We must confess what is not right for our heart, and give it no place in our life. We may need to seek the counsel of a confidential mentor or group of friends to develop accountability and honest assessment of habits. And if we are with Christian brothers and sisters whose movie, music, and television habits have been unexamined, we may need to stir up the love and courage to question whether the Bible or the culture is guiding their lives. We should be willing to be thought odd for the sake of Christ, for if we cannot stand for our convictions among Christians, then it is unlikely that we can be a witness in the world.
Throughout this portion of Ephesians, the apostle confronts sin with its substitute. Christians are exhorted not to lie but to tell the truth (Eph. 4:25), not to steal but to work (Eph. 4:28), not to express bitterness but instead kindness (Eph. 4:31–32). That pattern now continues as Paul exhorts believers not to speak what is filthy, foolish, or coarse, but rather to offer thanksgiving (Eph. 5:4).
Simply seeing sin’s deceptive nature will not in itself create the praise that Paul wants to substitute for idolatry. In order for Paul to elicit the thanksgiving that he believes will provide spiritual power for the Ephesians, he must also make clear the nature of God’s provision. To do so, Paul calls sin idolatry (Eph. 5:5) and calls the people saints (Eph. 5:3).
At the beginning of Paul’s discussion of why lust and greed are improper (Eph. 5:3) and out of place (Eph. 5:4), he makes sure we know for whom such things are wrong. We are to rid ourselves of all forms of impurity because “these [things] are improper for God’s holy people” (Eph. 5:3). Paul uses the indicative (what Christ has done). Before discussing impure actions that make us ashamed, Paul reminds us of God’s prior actions that make us holy. Not only are we God’s children, but we are also saints, holy people (hagioi).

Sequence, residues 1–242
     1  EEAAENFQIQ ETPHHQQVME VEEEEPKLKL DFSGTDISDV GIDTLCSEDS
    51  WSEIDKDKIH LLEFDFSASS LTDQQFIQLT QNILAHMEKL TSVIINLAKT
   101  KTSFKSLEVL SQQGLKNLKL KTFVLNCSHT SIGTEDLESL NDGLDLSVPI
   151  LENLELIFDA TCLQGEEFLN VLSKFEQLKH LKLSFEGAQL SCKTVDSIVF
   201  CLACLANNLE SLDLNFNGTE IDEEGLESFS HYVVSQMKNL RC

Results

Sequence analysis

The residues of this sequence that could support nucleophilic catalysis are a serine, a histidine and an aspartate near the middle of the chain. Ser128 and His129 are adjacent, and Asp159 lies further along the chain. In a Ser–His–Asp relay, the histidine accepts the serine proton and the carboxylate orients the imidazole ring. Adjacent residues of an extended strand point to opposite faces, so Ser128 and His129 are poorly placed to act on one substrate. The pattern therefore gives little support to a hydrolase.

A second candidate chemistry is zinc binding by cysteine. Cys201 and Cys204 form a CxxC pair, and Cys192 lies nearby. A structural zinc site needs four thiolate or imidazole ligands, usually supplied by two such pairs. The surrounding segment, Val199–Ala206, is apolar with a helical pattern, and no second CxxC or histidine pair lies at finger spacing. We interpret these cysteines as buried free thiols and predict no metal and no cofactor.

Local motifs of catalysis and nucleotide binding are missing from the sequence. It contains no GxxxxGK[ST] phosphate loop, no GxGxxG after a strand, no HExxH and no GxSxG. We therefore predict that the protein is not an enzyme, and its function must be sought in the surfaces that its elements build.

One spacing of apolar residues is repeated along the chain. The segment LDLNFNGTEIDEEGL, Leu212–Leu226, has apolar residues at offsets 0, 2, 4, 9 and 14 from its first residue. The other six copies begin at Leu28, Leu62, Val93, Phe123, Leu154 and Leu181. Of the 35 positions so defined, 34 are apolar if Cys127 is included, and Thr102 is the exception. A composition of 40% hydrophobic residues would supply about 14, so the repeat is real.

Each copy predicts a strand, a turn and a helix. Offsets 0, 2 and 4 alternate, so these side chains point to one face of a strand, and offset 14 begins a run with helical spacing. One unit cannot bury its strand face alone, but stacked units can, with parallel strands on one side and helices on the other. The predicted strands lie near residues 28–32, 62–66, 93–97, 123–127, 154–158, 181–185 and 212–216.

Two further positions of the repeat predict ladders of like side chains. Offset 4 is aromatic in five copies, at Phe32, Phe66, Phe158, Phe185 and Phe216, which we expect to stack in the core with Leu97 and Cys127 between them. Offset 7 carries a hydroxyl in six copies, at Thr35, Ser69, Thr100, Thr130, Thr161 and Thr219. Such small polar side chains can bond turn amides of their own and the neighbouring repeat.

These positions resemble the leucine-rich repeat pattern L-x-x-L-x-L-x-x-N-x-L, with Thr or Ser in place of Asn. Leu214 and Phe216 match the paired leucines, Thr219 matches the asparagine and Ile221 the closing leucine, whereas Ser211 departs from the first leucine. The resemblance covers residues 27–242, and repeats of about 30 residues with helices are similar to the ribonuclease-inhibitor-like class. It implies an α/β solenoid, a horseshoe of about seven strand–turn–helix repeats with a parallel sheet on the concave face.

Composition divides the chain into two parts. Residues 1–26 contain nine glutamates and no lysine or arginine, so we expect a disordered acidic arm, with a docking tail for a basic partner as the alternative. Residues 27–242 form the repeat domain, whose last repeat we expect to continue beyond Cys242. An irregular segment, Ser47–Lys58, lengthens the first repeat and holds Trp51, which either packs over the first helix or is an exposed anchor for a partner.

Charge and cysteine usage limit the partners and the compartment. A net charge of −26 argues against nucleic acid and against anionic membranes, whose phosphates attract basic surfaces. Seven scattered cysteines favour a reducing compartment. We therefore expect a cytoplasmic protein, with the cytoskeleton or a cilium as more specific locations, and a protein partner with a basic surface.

Paul is not talking to those who have perfect lives. If the Ephesians were perfect, there would be no reason to write to them of their idolatries of lust and greed. Paul addresses these people, among whom great sin must be present, as holy ones. They are not holy by their actions, but by God’s forgiveness in Christ—the root concept motivating all imperatives in this passage. Praise to God—not simply lip service or religious ritual but profound gratitude and love for what Christ has done—fills the heart that knows God’s love. And the heart that is filled with a responsive love for God has no place for idolatry. When we fully understand the love that makes us holy, then we live as God has already reckoned us to be.
Paul teaches us to provide power over sin by proclaiming the holy status of those who are in Christ Jesus. When I know that I am not made for sin, that I am a fundamentally different creature in Christ Jesus—still sinful but reckoned holy so that no sin will satisfy me or have ultimate power over me—then I am filled with thanksgiving. And because God inhabits the praise of his people, when we are filled with his praise, we are filled with his power.
Though we gain strength for the Christian life by savoring our purity and savoring our identity in Christ, we ultimately must face the dangers of sin. If we do not recognize the danger, then we are not prepared to live the holy lives God desires. Thus the final dimension of Paul’s exhortation against impurity is a warning! But as he warns, he further strengthens us by enabling us to savor our security in Christ.